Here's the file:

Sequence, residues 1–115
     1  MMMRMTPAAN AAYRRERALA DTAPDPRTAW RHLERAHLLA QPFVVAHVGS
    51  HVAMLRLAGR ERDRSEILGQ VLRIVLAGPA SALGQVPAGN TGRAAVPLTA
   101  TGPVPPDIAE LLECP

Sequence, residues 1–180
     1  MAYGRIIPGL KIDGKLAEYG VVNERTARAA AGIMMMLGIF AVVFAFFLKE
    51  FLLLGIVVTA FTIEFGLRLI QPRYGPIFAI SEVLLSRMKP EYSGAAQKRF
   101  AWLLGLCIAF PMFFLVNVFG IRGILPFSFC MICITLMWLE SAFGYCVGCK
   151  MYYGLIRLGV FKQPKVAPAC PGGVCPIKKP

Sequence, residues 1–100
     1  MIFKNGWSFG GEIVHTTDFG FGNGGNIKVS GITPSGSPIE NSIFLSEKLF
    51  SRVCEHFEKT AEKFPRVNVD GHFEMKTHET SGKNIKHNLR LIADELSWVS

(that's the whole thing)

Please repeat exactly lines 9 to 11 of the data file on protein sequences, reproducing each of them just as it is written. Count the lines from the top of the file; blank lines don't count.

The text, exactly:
   151  MYYGLIRLGV FKQPKVAPAC PGGVCPIKKP

Sequence, residues 1–100
     1  MIFKNGWSFG GEIVHTTDFG FGNGGNIKVS GITPSGSPIE NSIFLSEKLF